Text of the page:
ఫైనల్ ఫాంటసీ 7 రీమేక్ మరియు ఫైనల్ ఫాంటసీ 13 షేర్ సారూప్యతలు – స్క్రీన్ రాంట్

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ఫైనల్ ఫాంటసీ 7 రీమేక్ మరియు ఫైనల్ ఫాంటసీ 13 షేర్ సారూప్యతలు – స్క్రీన్ రాంట్


Translating…

Final Fantasy 7 Remake brings a brand new combat system to the series, but it’s core mechanics take some inspiration from another game in the series.

Final Fantasy 7 is one of the most influential RPGs ever made, and the Final Fantasy 7 Remake is a complete re-imagining of the classic. Everything about Final Fantasy 7 is being expanded upon, from the combat to the city of Midgar.

The Final Fantasy 7 Remake introduces a brand new action system that’s a hybrid between real-time and turn-based. With a demo now out in the wild, it’s clear that the Final Fantasy 7 Remake has taken inspiration from a previous entry.

Final Fantasy 13, in particular, has quite a few similarities in terms of its combat system, and there’s a good reason for that. Motomu Toriyama, one of the co-directors of the Final Fantasy 7 Remake, was the lead director on all three games in the Final Fantasy 13 trilogy.

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Pressuring and Staggering Enemies

Final Fantasy 7 Remake Stagger

The most obvious comparison between Final Fantasy 7 and 13 comes with the stagger system, which is almost exactly the same between the two. In Final Fantasy 13 enemies have a stagger gauge that builds up as characters attack, and once broken the enemy enters a break state. This makes them much easier to interrupt and drastically increases the damage they take.

Final Fantasy 7 Remake has an incredibly similar system, with a pressure gauge that builds as characters attack enemies. Exploiting weaknesses drastically increases the gauge, and once it’s full the enemy will be staggered. This state, just like Final Fantasy 13, drastically increases the damage that enemies take. It’s a system that works well for the fast-paced combat of the Remake, but clearly, something that took inspiration from Final Fantasy 13.

ATB System and Different Roles in Final Fantasy 7 Remake

Final Fantasy 7 Remake Combat

Two other aspects of the Remake’s combat feel like an evolution of systems set up in Final Fantasy 13. The first of those is the ATB system, that builds up as your characters give and take damage. When an ATB gauge is full that character can use the command menu to execute a skill or magic spell. This is very similar to the technique gauge of Final Fantasy 13, with points that build up as players battle, allowing them to use specific techniques like Quake, Libra, or Renew. The ATB system works much faster than techniques, but it’s the same general idea.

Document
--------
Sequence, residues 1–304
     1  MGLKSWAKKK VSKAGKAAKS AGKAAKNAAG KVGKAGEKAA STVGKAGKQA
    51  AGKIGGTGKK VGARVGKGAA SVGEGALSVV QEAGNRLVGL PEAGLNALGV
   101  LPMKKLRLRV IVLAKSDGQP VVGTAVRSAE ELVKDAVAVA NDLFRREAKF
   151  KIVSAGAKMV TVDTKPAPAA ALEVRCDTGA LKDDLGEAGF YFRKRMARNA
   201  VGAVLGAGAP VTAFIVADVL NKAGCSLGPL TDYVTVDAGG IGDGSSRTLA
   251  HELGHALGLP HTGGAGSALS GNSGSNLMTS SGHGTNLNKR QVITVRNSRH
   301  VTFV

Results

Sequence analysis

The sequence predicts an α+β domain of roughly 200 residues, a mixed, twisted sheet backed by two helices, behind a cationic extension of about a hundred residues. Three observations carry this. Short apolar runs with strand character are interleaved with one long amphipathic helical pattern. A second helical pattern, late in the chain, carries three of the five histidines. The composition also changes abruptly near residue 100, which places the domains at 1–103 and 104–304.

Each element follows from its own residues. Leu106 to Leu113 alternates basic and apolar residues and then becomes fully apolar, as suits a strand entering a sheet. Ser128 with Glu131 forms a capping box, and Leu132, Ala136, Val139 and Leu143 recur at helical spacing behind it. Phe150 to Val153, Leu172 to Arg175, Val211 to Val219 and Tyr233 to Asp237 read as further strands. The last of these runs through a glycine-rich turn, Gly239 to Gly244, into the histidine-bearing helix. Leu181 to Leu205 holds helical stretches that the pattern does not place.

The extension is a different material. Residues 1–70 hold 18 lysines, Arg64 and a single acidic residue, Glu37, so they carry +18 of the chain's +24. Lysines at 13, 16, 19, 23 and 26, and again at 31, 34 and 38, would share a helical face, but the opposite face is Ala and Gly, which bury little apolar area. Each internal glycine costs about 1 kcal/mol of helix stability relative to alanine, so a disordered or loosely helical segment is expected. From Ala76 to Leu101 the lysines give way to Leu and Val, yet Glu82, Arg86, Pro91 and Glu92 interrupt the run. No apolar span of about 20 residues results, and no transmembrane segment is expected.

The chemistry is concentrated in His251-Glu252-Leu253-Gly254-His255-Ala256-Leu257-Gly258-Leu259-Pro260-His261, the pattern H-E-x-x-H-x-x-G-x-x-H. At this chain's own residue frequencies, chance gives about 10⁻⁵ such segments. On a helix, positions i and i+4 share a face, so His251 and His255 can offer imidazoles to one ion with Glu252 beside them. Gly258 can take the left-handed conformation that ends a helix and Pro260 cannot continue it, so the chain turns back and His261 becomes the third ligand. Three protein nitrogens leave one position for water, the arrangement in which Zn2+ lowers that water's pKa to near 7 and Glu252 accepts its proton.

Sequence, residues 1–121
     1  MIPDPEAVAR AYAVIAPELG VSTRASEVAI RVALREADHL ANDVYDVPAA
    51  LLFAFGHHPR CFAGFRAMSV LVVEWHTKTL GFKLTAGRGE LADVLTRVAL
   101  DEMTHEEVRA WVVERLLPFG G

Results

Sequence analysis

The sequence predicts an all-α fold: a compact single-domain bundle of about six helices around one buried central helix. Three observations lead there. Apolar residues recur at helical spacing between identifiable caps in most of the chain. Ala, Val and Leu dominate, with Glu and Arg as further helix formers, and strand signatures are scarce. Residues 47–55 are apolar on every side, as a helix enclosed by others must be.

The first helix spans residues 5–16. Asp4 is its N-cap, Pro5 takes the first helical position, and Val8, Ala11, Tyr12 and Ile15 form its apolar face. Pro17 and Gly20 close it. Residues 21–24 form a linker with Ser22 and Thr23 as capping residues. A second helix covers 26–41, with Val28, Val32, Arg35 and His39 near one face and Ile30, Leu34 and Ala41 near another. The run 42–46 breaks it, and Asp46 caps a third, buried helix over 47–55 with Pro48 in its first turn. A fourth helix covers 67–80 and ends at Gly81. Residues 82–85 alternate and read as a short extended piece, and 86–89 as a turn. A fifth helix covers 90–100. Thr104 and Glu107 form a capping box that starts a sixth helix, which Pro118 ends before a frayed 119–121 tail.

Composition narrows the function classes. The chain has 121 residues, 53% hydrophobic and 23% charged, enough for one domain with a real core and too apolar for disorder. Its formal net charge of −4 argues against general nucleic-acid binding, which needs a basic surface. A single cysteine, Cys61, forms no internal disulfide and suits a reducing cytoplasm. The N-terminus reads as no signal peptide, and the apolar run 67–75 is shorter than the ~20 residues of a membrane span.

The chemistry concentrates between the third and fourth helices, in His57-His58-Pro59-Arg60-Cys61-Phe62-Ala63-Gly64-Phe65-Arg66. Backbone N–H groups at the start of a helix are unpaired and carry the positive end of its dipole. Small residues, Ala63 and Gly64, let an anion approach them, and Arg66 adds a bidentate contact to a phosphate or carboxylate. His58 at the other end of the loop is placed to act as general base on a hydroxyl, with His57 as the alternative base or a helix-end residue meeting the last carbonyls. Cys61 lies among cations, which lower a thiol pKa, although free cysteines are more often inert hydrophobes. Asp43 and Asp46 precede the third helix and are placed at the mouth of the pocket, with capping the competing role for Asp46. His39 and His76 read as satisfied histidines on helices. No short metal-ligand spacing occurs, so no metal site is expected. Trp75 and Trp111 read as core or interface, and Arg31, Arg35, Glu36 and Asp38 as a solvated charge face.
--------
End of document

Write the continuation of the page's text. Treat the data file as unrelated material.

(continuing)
The next one isn’t as direct an inspiration, but both games have your characters taking on different “roles.” In Final Fantasy 13, this takes the form of paradigms that players can switch between on the fly, changing up the skills and focus of their party members. Final Fantasy 7 Remake has a much more direct interpretation of this, with different character’s playstyles fitting different needs. Barret is necessary for taking down ranged enemies and helping defend party members, Tifa is great at comboing, and Cloud is the best at dealing damage. Battles demand that players switch between these two characters, like the Scorpion tank battle where Barret needs to hit it with lightning and bring down barriers, while Cloud is great at causing huge damage after the boss is staggered. Obviously, it’s not a one-to-one similarity, but both games necessitate that players switch between multiple playstyles during combat.

Summons Join You on the Battlefield in Final Fantasy 7 Remake

Final Fantasy 7 Remake Summon

Summons return once again in Final Fantasy 7 Remake, but they’re drastically different from how they functioned in the original. The series traditionally used summons as a single powerful attack, but Final Fantasy 10 evolved the system by bringing summons into battle under the player’s control. Final Fantasy 13 then took this one step further by making summons an AI ally that fights alongside the character that summons them.

This, once again, happens in the Final Fantasy 7 Remake, with summons being contextually based on where players are and the environment around them. Summons are AI-controlled and fight alongside the entire party, although there are ATB commands players can choose. Out of the entire series, the summon system in the Remake is closest to Final Fantasy 13, which serves as yet another similarity.

Games, of course, take inspiration from past titles all the time, but the Final Fantasy 7 Remake feels like it’s directly evolving systems that were present in Final Fantasy 13.

Next: Final Fantasy 7 Remake’s Biggest Gameplay Differences

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About The Author

Hayes is a Features Editor for Screen Rant. He’s been writing and podcasting about games for over a decade, and he’s a graduate of the Metropolitan State University of Denver in the Journalism program. He’s been diving into RPGs ever since discovering the Final Fantasy series at a young age. You can find him on Twitter @Solfleet.

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